Why I Became A Writer

There are a few concrete reasons that I decided to take my path and become a writer. Some of them are more personal, and others tend to lean on the side of professional interests and helping individuals express themselves. I’m taking this opportunity to write a short and personal blog post in hopes of both inspiring and enlightening individuals aspiring to become writers. Plus, I think everyone sort of wonders why someone has taken a talent or passion and turned it into a profession.

The Power of Words in Writing

Every day we communicate with each other. Some days, it’s under positive circumstances, and other days it’s just to get things done. Ultimately, words are what connects our inner thoughts to the outside world.

Human nature demands that we all communicate on some level, and we all have an inherent need to be heard and hear. Every person wants and needs to be understood. Each of us want our inner worlds to be seen and recognized by others. To be able to communicate in a way that bonds our private self to the public domain is part of what makes us human. With writing, some have the freedom to express more clearly what they can’t say verbally.

When we write we create a form of permanency to our thoughts, giving them a place to be safe, stable, and shared with anyone. If we journal, we can also look back on our thoughts and see our own personal growth from one stage of life. Writing speeches in particular gives everyone a chance to share feelings that if spoken spontaneously might come out the wrong way. Writing can be a guide for each of us in so many ways.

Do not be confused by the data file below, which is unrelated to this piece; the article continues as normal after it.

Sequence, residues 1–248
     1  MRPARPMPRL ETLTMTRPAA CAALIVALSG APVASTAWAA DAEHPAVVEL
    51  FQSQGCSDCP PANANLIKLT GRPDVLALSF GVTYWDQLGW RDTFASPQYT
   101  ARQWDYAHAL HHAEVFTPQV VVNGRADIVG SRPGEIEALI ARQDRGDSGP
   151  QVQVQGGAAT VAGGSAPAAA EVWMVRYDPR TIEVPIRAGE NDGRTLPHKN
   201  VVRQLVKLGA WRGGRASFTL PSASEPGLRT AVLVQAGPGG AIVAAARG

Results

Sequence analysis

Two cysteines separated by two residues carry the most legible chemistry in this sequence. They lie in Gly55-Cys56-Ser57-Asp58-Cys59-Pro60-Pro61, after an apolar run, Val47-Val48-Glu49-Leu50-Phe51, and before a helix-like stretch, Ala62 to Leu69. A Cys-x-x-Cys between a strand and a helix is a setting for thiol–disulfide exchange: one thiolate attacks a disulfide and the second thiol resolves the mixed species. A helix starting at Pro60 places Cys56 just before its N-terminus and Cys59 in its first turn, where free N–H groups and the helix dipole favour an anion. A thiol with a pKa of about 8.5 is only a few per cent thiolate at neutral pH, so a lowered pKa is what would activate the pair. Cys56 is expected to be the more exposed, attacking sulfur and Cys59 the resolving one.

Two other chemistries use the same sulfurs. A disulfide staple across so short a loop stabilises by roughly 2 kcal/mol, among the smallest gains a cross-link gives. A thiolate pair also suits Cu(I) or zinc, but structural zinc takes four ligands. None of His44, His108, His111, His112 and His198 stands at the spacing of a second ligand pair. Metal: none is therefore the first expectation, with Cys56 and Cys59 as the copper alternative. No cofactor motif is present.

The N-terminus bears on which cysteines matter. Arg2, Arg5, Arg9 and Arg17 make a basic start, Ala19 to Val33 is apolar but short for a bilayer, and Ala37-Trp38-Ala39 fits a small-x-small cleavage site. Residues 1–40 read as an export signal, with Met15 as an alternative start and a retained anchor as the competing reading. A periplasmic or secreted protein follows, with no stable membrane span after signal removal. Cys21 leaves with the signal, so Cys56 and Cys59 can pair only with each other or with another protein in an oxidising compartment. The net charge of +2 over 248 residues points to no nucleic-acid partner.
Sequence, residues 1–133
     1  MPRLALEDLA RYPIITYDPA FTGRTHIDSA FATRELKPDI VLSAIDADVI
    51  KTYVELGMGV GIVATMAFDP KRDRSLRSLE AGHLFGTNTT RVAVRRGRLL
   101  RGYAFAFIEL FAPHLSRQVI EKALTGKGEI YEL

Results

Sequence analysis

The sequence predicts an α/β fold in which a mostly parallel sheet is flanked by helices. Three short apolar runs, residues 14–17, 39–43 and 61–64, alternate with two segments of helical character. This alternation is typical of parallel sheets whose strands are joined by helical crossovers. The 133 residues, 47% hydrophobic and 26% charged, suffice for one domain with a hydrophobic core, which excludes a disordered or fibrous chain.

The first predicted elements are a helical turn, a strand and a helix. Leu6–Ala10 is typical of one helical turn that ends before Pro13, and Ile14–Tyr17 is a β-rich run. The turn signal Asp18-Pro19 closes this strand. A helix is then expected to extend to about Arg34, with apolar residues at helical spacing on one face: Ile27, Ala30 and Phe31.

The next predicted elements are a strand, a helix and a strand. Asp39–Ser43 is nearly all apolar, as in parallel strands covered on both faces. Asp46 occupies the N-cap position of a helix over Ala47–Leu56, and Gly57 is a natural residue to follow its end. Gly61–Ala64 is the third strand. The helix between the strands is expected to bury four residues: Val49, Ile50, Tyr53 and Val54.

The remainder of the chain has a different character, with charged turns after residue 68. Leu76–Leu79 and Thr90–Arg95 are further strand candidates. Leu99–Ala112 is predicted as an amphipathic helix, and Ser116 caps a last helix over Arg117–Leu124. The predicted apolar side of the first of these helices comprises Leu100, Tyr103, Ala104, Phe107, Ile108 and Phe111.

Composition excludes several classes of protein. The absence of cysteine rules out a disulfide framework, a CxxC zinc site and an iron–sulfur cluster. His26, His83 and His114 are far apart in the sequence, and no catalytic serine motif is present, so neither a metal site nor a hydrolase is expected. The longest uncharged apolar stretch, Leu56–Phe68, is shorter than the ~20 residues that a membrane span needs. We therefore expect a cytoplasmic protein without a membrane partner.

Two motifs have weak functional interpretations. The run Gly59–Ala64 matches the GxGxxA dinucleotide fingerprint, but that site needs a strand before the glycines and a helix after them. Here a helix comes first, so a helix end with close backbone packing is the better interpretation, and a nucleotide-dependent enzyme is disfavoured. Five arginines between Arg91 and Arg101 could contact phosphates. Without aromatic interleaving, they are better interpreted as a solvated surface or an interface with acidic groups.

Wordsmithing: Playing With Words

Ever wonder why everyone loves playing Scrabble so much? There’s something incredibly satisfying about playing with letters to create words. Now take that phenomenon and multiply it times ten when it comes to playing with a bunch of words.

Playing with words is more than just fun. It can be a challenge to find expression in the most expressive way and one that feels like you wear those words comfortably. Language is so playful that there are names for the amazing sounds that words that make that resemble noises. Like emphasizing the S at the beginning of the word snake – onematepia. Or when you run a few words back to back that start with the same letter – alliteration.

But even more interesting is that words can compell others to feel and react.
Words can feel like a warm hug or a sharp knife. We can use them to achieve goals or destroy them. We can make people laugh, cry, silent, scream, sell and buy, and so much more. What’s more, think of how amazing it is that just one word on its own has its own meaning or intent, and when surrounded by others a whole new meaning of the word can be formed in context. The magic of playing with words is truly remarkable. Historically storytelling has been a part of every single culture and religion.

And as I already mentioned, expressing ourselves orally is absolutely necessary, sometimes it’s not possible. That’s precisely when writing conquers.

The Magic of A Monologue: Uninterrupted Thought in Writing

Writing one’s thoughts means you can uninterruptedly get your message out. No heckling, no argument, no disruption! Bliss. Sometimes in the spur of the moment not only do we lack the right words to say what we mean and mean what we say, but nerves and emotions take over. When we write we can just get all of our thoughts out fluidly.

Words Build Relationships

Lastly, writing has been a great way for me to connect with people and give them a voice. Part of what I do as a speech writer is allow individuals to build relationships with their audience. Inherently, I’m lucky to then build relationships with them and understand who they are, how they think, and what they really want to say and share with their crowd. What moves them? What matters to them? It’s a chance for me to give any person, shy or confident, a real voice to their feelings and ideas. And for that I am truly grateful.

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